Bruxism Overview

Bruxism is the medical term for the clenching, grinding, and bracing of the teeth. The estimates of people who suffer from Bruxism range from 20%-40% of the population. Whatever the exact percent is, it’s a very large portion of the population. The main reasons why an exact percentage is difficult to ascertain are 1) many people who clench or grind their teeth are unaware that they clench or grind 2) many people are in denial and refuse to acknowledge that they clench or grind and their Dentist has failed to diagnose and educate them. Truth of the matter is that virtually all of us clench or grind from time to time.


Normal canine or “Eye Teeth” have a pointed shape. In the early stages of bruxism, your eye teeth may begin to show signs of wear and begin to lose their pointed shape. Other teeth will begin to show wear and begin to flatten. As bruxism progresses, your teeth may begin to develop tiny cracks, and may even begin to chip. The next step may be larger cracks, and eventually your teeth may become loose from the abuse of bruxism and be required to be capped or replaced.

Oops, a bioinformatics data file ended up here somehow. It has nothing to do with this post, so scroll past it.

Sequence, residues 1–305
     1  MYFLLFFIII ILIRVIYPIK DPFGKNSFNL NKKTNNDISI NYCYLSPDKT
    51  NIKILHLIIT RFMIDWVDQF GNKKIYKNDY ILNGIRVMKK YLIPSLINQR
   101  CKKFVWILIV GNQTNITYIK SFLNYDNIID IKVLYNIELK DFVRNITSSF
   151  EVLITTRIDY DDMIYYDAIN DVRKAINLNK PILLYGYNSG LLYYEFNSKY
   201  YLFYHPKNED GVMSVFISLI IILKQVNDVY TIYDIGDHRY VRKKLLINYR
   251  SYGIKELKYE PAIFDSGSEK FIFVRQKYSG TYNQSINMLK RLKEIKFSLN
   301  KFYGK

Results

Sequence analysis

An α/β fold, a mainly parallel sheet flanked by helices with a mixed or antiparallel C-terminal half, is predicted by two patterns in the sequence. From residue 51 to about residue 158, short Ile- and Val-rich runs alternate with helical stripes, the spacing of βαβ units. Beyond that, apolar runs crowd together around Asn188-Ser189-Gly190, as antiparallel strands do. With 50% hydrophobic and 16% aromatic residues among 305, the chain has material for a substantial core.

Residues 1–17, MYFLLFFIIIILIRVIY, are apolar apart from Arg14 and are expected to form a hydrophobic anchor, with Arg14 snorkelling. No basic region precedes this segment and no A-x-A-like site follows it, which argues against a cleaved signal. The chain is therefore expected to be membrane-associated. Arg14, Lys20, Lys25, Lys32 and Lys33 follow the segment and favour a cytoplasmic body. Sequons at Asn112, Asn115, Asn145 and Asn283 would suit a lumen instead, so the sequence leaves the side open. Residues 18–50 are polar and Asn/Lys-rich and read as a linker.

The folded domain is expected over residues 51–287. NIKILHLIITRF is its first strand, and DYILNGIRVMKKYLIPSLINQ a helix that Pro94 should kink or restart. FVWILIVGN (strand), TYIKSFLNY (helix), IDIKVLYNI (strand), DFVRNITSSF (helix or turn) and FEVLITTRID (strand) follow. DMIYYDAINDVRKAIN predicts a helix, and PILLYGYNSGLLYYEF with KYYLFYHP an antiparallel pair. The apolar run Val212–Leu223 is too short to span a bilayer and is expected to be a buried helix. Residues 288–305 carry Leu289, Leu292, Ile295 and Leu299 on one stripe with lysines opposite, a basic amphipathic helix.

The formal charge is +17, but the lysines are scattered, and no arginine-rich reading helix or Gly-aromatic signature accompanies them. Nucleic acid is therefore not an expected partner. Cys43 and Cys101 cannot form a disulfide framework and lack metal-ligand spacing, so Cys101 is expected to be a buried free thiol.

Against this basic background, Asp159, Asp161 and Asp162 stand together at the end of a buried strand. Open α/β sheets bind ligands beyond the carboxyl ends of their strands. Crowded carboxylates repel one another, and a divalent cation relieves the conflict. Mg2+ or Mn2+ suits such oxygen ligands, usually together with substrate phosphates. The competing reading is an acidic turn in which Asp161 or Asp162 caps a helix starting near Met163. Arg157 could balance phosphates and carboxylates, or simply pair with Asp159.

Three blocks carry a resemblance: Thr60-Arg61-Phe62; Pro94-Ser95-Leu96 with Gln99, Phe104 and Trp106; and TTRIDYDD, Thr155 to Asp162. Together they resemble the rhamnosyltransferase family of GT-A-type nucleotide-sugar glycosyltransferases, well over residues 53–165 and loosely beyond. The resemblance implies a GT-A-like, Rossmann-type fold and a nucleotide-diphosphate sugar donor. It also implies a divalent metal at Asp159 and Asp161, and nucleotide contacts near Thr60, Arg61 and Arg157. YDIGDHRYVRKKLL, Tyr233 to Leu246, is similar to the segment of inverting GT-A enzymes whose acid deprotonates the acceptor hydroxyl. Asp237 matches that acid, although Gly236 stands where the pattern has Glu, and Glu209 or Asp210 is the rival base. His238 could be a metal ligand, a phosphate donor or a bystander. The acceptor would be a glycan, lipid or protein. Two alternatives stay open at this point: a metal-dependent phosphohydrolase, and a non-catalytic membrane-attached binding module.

There are 2 primary ways to determine if you clench or grind your teeth. The first preferred method is to be examined by your dentist. During a dental exam, your dentist can see the telltale signs of bruxing. The second method is for you to check your teeth using the method that we call the “picture puzzle”. The picture puzzle is very simple. Close your teeth so that the top canine tip touches the opposing lower canine tip. In front of a mirror, using your hand, (be sure to wash your hand first) separate your lips on one side so that you can see your eye teeth. If your eye teeth are not pointed in shape, you are clenching or grinding.


Usually Bruxism and clenching are the main causes of "teeth flattening". Eating chips and other hard snacks do not cause your teeth to flatten, crack or chip. Clenching and grinding are the reason teeth flatten, chip or crack.


In most cases, the only way to prevent damage to teeth, caused by bruxism, is wearing a brux guard, also know as a clench guard. Prior to the invention of the Mini Comfort, clench guards were hard, bulky and uncomfortable, so much so that some dentists would not prescribe a clench guard for their patients. The reason for many dentists not prescribing a hard guard for their patients was because the patients would not wear the guard because it was uncomfortable, bulky and in some instances encouraged the bruxism habit in patients.


Over the next days, weeks and months, we will discuss bruxism as well as comparing the effectiveness of the Mini Comfort to other guards including mail order “do it yourself” and “over the counter” guards and the damage that they may cause.